Maybe his behavior is irritating to you, but it's always understandable if you take the time to see his viewpoint. Ok, so he hit the baby. Do whatever you need to do to prevent a recurrence, including not leaving them unsupervised. And of course promote repair -- "The baby was frightened when you hurt him. I wonder what you could do now to make things better with him?"

But punishing him won't help, because that will just exacerbate the terror of losing you that drove him to act so aggressively. You did get a replacement child, after all. He can be forgiven for wondering if he's lost his place in your heart. If you can connect deeply with him so that he feels your love is indestructible, his terror of losing you will diminish, and his love for the baby will have a chance to bloom.

5. Empathize.

Once children are no longer always on our laps or in our presence, it can get more challenging to stay connected. But every time your child expresses anything, that's an opportunity to connect. Just empathize:

  • "I hear you! You wish..."
  • "It's exciting, isn't it?!"
  • "You sound disappointed."

When you welcome your child's emotions, you're giving him the help he needs to learn to manage them: "You're sad that you can't stay up with the big kids. It's ok to cry. It's hard to have to go to bed when other kids are still up. Let's read an extra book tonight so we can snuggle longer and help you feel better."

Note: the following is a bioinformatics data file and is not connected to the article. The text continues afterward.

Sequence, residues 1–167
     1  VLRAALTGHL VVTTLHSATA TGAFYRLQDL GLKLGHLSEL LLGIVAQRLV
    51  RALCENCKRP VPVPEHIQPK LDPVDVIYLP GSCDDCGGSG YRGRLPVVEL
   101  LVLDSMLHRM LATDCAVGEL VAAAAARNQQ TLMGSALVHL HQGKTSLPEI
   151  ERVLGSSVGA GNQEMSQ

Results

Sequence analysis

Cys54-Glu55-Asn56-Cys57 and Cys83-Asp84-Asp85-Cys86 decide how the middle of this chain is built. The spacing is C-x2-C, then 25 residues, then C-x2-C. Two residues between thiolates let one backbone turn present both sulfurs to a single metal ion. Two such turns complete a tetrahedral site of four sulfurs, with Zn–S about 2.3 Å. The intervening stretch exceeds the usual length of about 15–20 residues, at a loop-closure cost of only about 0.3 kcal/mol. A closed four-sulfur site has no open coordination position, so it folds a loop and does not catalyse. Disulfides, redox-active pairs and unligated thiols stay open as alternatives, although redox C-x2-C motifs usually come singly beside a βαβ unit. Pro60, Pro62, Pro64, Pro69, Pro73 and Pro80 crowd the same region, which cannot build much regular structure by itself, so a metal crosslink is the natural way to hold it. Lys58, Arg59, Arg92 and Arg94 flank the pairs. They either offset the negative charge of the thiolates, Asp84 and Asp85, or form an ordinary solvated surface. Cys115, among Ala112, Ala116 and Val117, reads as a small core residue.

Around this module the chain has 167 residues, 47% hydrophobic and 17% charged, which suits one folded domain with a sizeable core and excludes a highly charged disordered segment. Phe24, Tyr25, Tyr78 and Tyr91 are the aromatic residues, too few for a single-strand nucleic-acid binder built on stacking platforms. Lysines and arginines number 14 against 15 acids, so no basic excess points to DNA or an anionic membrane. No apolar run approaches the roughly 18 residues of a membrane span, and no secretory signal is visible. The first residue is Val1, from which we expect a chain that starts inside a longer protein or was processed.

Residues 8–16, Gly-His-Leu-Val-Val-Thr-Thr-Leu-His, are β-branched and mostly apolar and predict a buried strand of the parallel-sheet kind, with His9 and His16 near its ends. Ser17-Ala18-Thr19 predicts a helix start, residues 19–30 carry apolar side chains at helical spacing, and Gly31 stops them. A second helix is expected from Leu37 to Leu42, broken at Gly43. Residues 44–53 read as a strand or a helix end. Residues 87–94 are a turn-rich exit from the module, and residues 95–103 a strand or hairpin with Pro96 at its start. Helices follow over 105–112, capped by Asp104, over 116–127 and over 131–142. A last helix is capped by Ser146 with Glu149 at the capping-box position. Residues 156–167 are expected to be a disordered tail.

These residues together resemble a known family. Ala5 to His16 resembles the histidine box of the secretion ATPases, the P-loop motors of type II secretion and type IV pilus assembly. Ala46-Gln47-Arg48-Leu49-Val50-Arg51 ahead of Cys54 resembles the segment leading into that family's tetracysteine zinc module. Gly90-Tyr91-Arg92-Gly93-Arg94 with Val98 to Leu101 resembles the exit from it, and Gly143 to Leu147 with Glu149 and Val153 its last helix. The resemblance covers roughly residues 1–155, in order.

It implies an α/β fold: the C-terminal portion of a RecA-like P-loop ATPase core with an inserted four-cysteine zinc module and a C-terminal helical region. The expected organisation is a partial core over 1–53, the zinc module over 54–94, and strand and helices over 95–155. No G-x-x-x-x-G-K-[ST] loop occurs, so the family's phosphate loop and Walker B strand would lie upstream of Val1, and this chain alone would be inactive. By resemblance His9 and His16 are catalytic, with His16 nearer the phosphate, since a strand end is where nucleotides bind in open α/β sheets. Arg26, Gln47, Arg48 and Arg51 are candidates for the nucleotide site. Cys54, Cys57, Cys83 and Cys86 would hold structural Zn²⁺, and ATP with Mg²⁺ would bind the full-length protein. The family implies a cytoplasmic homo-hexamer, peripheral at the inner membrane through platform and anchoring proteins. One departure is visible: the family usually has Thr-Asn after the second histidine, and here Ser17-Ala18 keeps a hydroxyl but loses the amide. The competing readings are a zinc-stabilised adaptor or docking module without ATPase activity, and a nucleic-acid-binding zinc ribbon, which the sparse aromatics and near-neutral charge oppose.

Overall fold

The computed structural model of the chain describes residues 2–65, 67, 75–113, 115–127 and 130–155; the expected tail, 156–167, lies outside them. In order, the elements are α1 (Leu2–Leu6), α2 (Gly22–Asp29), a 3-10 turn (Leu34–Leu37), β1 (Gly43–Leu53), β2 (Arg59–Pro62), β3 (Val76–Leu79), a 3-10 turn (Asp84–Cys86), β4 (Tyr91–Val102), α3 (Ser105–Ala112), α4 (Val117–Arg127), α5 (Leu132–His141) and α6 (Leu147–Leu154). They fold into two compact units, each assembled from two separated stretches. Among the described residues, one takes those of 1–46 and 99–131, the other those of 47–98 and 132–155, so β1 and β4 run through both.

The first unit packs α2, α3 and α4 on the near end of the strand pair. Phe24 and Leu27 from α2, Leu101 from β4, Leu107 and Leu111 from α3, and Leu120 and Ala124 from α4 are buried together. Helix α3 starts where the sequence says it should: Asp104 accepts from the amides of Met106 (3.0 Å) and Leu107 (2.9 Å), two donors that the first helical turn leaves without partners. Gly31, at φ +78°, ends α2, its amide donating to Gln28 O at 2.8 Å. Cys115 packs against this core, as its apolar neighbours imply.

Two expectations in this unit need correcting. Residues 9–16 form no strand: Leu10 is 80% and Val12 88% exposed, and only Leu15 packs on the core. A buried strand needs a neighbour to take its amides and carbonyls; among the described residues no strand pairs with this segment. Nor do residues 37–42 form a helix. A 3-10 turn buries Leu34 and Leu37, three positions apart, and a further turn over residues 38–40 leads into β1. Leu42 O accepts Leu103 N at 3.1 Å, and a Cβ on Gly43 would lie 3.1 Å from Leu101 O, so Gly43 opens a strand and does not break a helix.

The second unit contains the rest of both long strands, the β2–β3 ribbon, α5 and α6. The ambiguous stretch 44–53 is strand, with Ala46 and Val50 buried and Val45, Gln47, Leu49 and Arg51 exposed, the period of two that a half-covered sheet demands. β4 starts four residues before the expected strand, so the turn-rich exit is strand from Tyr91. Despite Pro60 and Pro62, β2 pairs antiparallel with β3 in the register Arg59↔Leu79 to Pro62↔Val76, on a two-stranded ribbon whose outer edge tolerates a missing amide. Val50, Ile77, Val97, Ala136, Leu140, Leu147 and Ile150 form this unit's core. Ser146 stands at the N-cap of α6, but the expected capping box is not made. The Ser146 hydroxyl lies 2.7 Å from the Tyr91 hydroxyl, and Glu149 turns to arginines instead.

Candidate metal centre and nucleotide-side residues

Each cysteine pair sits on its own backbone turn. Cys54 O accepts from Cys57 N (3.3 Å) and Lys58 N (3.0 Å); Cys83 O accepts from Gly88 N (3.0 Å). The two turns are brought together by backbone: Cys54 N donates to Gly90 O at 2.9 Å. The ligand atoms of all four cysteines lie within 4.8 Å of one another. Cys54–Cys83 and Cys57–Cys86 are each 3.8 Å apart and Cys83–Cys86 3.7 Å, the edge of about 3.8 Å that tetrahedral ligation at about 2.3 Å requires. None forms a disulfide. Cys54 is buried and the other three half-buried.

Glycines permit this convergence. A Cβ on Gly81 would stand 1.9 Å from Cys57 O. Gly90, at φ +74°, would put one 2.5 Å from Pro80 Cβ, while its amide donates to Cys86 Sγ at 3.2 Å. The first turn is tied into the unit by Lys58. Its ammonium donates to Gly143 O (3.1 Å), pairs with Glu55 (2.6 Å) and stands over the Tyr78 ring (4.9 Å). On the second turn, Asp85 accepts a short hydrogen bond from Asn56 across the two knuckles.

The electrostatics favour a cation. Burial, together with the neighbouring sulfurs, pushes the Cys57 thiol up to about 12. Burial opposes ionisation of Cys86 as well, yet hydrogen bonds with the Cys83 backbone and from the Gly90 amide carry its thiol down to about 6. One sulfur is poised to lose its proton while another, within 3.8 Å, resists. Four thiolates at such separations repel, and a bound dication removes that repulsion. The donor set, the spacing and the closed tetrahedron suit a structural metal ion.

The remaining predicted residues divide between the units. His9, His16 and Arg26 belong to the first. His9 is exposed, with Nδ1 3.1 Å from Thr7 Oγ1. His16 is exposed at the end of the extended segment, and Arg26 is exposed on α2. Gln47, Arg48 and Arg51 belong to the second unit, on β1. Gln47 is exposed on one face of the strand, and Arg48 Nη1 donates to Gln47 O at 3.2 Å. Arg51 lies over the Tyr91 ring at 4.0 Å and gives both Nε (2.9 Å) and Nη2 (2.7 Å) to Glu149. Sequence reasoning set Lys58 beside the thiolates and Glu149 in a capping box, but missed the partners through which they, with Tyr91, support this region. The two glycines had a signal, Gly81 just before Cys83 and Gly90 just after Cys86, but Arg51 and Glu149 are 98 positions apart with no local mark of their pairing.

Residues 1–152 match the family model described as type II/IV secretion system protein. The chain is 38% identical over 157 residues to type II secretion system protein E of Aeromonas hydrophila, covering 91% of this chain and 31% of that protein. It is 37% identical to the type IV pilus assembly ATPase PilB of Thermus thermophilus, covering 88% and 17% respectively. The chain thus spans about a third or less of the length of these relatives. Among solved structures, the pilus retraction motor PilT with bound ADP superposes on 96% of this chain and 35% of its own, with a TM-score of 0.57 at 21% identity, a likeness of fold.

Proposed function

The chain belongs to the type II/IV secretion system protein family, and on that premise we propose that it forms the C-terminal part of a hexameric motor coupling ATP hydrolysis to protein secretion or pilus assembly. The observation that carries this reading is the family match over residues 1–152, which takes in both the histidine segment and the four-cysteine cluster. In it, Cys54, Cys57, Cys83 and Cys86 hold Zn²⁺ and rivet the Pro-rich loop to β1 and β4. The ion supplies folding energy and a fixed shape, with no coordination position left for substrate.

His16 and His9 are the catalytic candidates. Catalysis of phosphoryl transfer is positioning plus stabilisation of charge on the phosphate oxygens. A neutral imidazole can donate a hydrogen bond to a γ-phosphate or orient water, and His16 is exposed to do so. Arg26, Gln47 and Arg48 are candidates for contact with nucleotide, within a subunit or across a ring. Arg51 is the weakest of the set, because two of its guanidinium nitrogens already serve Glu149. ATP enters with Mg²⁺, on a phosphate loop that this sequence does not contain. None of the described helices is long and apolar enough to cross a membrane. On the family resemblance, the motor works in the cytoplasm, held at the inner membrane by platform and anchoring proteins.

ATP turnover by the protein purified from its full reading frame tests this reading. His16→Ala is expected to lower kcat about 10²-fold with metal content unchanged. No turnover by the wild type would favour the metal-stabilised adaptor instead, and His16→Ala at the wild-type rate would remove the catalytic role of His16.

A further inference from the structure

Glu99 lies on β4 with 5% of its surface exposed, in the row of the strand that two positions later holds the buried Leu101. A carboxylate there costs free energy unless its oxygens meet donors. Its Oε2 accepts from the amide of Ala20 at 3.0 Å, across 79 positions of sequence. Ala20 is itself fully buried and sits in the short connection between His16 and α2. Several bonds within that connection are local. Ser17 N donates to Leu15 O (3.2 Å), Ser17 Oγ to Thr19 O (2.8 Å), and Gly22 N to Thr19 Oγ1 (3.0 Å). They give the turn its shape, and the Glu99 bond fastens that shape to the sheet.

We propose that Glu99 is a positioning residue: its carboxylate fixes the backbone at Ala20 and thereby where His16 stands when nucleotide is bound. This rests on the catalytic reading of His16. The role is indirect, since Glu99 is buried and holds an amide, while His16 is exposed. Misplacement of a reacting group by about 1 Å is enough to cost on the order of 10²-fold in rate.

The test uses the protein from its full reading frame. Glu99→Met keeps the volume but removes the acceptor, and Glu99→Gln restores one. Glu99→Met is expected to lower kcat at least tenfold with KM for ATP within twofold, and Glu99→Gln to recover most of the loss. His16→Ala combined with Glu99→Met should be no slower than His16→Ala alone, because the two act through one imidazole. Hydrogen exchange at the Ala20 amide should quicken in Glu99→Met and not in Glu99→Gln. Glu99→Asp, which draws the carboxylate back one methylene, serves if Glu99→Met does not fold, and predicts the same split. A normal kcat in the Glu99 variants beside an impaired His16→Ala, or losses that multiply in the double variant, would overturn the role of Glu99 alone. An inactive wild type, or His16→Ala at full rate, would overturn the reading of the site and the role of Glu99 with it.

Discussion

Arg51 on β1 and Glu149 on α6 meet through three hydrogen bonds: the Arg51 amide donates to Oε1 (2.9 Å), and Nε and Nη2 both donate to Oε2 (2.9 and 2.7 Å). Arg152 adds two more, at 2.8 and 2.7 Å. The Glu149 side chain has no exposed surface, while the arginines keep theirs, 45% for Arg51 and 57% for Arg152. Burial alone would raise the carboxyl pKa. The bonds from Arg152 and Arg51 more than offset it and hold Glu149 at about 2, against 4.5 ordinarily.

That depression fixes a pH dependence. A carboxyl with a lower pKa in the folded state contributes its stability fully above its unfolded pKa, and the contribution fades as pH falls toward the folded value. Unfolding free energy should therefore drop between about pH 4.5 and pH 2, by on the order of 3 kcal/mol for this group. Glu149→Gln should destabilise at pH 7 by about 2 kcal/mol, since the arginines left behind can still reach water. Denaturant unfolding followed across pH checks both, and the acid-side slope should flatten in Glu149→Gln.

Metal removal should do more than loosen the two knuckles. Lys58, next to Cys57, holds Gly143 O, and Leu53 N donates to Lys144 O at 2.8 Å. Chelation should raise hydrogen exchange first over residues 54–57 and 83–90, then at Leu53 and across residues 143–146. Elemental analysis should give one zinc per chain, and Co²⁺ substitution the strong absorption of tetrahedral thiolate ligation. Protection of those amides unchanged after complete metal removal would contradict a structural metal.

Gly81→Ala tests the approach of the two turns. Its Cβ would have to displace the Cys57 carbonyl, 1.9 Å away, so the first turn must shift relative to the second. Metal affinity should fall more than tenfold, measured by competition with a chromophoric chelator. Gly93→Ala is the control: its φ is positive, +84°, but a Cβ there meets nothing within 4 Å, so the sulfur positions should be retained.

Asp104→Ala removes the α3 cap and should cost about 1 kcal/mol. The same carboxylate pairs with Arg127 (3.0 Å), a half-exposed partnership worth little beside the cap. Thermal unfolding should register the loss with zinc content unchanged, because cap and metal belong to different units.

6. Help your child learn to manage her challenges without negative labeling.

How? Describe that you've noticed this wonderful thing about her, but sometimes the flip side of this trait can be a challenge to live with -- both for her and other people. Ask her if she has ideas about how to manage it so she gets the benefits but not the drawbacks. If you (or her other parent) have the same trait, point that out and talk about learning to manage it. Every one of us needs to work to develop the skills to manage ourselves. Make your story positive and hopeful. That will help her to feel less alone, and more optimistic about handling what may seem like a daunting challenge. Be sure to make it clear that everyone changes, and that as we grow up, our brains grow too, so it gets easier to manage ourselves.